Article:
Date of Award


Publication Type

Doctoral Thesis

Degree Name



Civil and Environmental Engineering

First Advisor

Cheng, Shaohong

Second Advisor

Ghrib, Faouzi


cable-stayed bridge, cable vibration, cross-tie, damper, damping, vibration control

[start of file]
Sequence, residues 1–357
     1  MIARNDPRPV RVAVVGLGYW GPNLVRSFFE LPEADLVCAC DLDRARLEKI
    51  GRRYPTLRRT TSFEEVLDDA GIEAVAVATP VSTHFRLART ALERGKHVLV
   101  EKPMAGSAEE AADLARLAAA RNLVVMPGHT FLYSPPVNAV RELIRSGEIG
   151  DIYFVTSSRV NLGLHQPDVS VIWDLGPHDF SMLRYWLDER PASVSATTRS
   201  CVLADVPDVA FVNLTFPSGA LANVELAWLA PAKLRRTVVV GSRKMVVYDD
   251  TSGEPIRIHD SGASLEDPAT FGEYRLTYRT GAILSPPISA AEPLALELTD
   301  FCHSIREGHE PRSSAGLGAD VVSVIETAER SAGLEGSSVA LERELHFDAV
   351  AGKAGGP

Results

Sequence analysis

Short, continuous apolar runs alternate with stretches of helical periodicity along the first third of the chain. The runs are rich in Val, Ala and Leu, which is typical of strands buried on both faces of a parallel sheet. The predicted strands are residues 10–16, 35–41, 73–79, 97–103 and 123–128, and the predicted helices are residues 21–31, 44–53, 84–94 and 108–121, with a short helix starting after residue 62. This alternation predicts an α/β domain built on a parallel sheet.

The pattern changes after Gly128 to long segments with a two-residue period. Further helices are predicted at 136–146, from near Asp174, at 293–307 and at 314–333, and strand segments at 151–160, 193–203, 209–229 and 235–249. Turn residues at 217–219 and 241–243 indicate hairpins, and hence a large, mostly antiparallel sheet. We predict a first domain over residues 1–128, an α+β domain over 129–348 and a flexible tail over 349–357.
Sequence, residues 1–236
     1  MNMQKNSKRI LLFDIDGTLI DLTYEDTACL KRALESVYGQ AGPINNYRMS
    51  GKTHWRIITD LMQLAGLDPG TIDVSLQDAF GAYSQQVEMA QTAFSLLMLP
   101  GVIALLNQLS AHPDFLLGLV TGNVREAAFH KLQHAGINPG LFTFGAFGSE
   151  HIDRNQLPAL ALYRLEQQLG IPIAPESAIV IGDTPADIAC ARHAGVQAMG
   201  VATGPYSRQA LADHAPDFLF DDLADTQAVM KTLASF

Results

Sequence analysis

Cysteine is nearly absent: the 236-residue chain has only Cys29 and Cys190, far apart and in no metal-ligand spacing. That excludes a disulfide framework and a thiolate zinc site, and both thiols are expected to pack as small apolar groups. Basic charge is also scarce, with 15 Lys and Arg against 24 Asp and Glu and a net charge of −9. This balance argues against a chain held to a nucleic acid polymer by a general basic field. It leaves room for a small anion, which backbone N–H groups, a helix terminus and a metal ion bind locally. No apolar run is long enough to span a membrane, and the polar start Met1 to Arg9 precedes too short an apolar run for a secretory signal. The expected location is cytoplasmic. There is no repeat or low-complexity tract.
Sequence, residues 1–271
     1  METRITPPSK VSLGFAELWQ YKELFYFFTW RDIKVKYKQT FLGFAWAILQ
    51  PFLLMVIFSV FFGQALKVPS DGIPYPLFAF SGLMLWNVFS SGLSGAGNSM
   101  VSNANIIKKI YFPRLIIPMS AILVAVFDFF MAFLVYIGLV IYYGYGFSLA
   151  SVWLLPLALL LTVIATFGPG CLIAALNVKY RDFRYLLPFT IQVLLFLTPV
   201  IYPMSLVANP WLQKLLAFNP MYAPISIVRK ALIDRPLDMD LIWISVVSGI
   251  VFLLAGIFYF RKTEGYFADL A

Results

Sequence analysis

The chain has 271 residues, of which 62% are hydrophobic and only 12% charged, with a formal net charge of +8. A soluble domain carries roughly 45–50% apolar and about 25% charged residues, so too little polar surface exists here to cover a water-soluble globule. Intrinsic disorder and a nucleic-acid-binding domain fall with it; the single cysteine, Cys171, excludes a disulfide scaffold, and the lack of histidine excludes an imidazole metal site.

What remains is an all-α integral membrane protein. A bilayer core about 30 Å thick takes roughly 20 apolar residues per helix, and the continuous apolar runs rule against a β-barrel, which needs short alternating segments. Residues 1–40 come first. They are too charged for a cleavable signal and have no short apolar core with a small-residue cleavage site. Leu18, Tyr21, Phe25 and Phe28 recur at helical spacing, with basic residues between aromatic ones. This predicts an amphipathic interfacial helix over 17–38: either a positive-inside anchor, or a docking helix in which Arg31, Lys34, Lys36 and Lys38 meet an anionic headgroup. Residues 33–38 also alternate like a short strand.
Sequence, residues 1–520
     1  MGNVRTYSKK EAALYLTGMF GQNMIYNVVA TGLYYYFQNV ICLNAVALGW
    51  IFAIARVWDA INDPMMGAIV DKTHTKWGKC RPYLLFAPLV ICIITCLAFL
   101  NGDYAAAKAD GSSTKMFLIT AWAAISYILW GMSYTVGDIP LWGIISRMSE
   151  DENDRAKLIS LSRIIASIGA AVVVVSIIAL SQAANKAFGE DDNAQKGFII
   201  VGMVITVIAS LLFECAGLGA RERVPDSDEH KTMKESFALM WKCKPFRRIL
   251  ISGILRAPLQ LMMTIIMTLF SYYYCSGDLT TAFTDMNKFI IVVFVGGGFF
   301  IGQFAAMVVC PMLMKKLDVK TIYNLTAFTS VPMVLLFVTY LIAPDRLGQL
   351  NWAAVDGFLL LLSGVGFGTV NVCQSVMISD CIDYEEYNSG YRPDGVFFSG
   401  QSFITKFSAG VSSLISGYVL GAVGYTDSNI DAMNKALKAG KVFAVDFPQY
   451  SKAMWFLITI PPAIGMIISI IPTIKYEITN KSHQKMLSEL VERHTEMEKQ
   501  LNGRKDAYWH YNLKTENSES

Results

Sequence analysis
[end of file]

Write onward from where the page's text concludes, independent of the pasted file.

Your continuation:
Stay cables on cable-stayed bridges are vulnerable to dynamic excitations due to their long flexible feature and low intrinsic damping. Connecting a vulnerable cable with the neighbouring ones through cross-ties to form a cable network is one of the commonly used field solutions. The current dissertation is dedicated to explore the in-plane dynamic behaviour of the conventional (cross-tie only) and hybrid (combined use of cross-ties and external dampers) cable networks used for controlling undesirable bridge stay cable vibrations. Their performances are evaluated based on the system in-plane stiffness, damping and the severity of local mode formation. A number of analytical models have been developed to analyze the in-plane modal response of conventional cable networks by gradually extending the model of a basic undamped two-cable network with a rigid cross-tie to include the cross-tie stiffness, the damping property of main cables and cross-tie, and more number of main cables and cross-tie lines into the formulation. A damping transfer phenomenon between cable network elements having different damping properties was observed. Two criteria, the degree of mode localization (DML) coefficient and the local mode cluster (LMC), were proposed to quantify the severity of local mode formation. Based on the proposed analytical models, key system parameters which dictate the dynamic behaviour of conventional cable networks were identified. A parametric study was conducted to explore their respective role in influencing the in-plane stiffness, the damping ratio and the local mode formation of cable networks. Analytical models of two-cable hybrid networks with different configurations have been developed to assess the system in-plane modal behaviour. A concept of “isoquant curve” was proposed to optimize the performance of a selected hybrid system mode. A state-of-the-art generalized approach was developed to derive analytical models of a more complex conventional or hybrid cable network from a relatively simple parent system. Results indicated that the existing universal damping estimation curve for a single isolated damped cable was no longer applicable once the cable became part of a hybrid system. Thus, approximate relation equations were developed to predict the optimum damper size and the maximum attainable fundamental modal damping ratio of a basic two-cable hybrid system. All the proposed analytical models were validated through independent numerical simulations using the commercial finite element software Abaqus 6.10. Besides, an experimental study was conducted for two-cable conventional and hybrid networks to not only verify the validity of the corresponding analytical and numerical models, but also evaluate the impact of different assumptions made in the formulation of these models on the system modal response. The outcomes yielded from this study are expected to add valuable knowledge to comprehend the current understanding of the mechanics associated with the conventional and hybrid cable networks. The developed tools will greatly contribute to the bridge industry by assisting optimum design of conventional and hybrid cable networks, especially in the preliminary design stage. Besides, it is worthy pointing out that the current findings will also contribute to the knowledge of structural health monitoring, assessment and management of bridges, and the development of more sustainable civil infrastructures.